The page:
Viewing cable 03ABUJA1516

03ABUJA15162003-09-04 14:16:00 2011-08-30 01:44:00 CONFIDENTIAL Embassy Abuja
This record is a partial extract of the original cable. The full text of the original cable is not available.
C O N F I D E N T I A L ABUJA 001516 
E.O. 12958: DECL: 09/02/2013 
REF: STATE 205815 
Classified by Counselor James Maxstadt for reason 1.5 (c). 
¶1.  (C)  Reftel questions appear to pertain primarily to 
countries with active Islamist political parties or NGOs, and 
Nigeria does not fit neatly into these cookie-cutter 
categories.  Nigeria has no national parties or groups that 
pursue policies consistent with the definition of Political 
Islam put forth in reftel.  Social problems exist in Nigeria 
to be sure, but even "religious issues" here are driven 
largely by political and economic considerations, and play on 
ethnic divisions. 
¶2.  (C)  The only known group in Nigeria expressing overt 
hostility to political and religious pluralism is Sheikh 
Ibrahim Zak-Zaky's "Muslim Brotherhood."  This allegedly 
Shi'a sect is a tiny minority even in its own part of the 
country and Zak-Zaky's influence has waned since his 
opposition to the Abacha regime in the nineties.  Most of the 
meager funding he previously received from Iran has dried up. 
 While his rhetoric has not cooled, he is unable to attract a 
wide following. 
¶3.  (C)  Even smaller groups exist with varying degrees of 
influence in particular areas of the country.  The Jamatul 
Nasiral Islam (JNI) and the Izala movement are the two most 
influential.  Both strive to defend northern Nigeria's 
heritage against "secular" influences, but their primary 
concern is promoting the social and economic welfare of 
Nigeria's Muslims.  Izala is the more conservative of the 
two, viewing the practice of Islam in Nigeria as tainted by 
the influence of the West African Sufis.  While the JNI and 
Izala are not political movements, individual members are 
politically active in most of the 30 officially registered 
parties in Nigeria and throughout most of the 36 states in 
¶4.  (C)  Following is response to the eight questions 
contained in reftel: 
a)  Not applicable.  No successful (or unsuccessful) groups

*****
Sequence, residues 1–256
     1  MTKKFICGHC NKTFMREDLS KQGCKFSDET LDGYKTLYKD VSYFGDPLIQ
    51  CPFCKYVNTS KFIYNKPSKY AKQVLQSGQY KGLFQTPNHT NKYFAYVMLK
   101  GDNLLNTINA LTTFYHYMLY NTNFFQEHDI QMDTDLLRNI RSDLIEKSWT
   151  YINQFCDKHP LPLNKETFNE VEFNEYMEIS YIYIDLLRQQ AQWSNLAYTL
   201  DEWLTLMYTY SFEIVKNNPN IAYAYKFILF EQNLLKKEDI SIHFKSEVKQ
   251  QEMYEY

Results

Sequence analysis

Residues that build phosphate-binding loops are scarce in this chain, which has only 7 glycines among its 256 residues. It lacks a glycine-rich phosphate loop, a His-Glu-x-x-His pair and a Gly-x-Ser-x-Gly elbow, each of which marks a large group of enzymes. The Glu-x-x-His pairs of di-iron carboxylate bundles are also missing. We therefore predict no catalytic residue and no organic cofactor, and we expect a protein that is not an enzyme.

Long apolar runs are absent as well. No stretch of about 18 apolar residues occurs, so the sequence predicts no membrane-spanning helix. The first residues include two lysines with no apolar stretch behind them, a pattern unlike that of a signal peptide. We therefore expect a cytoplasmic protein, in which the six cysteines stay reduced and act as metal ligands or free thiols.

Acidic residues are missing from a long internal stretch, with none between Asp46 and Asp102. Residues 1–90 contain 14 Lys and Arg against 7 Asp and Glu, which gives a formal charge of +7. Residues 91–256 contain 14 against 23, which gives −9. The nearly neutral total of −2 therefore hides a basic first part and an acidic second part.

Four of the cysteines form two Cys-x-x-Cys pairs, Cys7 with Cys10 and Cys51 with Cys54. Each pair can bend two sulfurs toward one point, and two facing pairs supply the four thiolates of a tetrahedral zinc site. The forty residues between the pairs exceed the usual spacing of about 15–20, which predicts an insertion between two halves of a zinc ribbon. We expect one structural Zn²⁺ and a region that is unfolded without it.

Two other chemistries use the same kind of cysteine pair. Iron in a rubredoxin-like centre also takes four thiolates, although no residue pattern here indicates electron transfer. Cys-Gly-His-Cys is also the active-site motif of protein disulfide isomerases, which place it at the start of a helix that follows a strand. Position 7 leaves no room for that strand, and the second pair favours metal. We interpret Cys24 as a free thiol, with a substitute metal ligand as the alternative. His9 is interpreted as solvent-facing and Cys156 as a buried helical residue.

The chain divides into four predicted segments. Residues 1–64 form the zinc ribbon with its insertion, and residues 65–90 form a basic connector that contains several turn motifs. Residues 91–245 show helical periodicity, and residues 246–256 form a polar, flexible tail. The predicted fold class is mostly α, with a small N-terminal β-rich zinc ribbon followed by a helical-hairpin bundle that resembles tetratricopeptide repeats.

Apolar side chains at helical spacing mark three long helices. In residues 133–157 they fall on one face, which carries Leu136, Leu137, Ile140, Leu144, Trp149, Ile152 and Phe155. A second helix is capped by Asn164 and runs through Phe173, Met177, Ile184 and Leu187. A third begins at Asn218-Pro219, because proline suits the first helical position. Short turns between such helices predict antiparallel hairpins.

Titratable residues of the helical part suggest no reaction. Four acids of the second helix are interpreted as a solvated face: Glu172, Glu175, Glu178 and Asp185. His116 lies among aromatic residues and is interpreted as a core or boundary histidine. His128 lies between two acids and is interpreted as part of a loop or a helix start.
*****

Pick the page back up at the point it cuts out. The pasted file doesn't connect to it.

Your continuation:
espousing Political Islam exist. 
b)  About half of the population of Nigeria could potentially 
be influenced by any Islamist group promoting 
social justice, economic improvement and democratic 
principles in Nigeria. 
c)  While influences from outside exist, Nigerian groups tend 
to pursue a domestic agenda and receive only 
limited funding from outside. 
d)  The practice of Shari'a in Nigeria is traditional but 
also a response to civil disorder.  It is more about social 
justice than an Islamist agenda, at least among Nigerians. 
Shari'a is not widely viewed as "evolutionary" in Nigeria, 
but neither does its application depend on the immutable 
seventh-century interpretation.  Instead, it is supported by 
the practice introduced in Nigeria in about the tenth century 
and adapted to local conditions.  It is based on the Maliki 
school of jurisprudence, but with heavy influence by the Sufi 
tariqas which abound throughout West Africa. 
e)  No modernizer has emerged to take the place of the late 
Sheikh Gumi from Bauchi, although several respected Sheikhs 
are locally important. 
f)  n/a 
g)  The JNI and Izala can and do cooperate across the 
political spectrum, within the bounds outlined above in Para 
h)  The negative perception of our policies is dampened by a 
widespread respect for America and Americans.  Nigerian 
intellectuals almost universally resent at least some USG 
policies, notably concerning the Middle East, but private or 
public individual Americans are generally not blamed.  There 
is also a vast pool of pro-American sentiment on other policy 
issues.  And many Nigerians have enduring misconceptions 
about the U.S., as in not believing there are American Muslim 
who are not immigrants.  Any claims to the contrary of such 
popular misconceptions are generally discounted.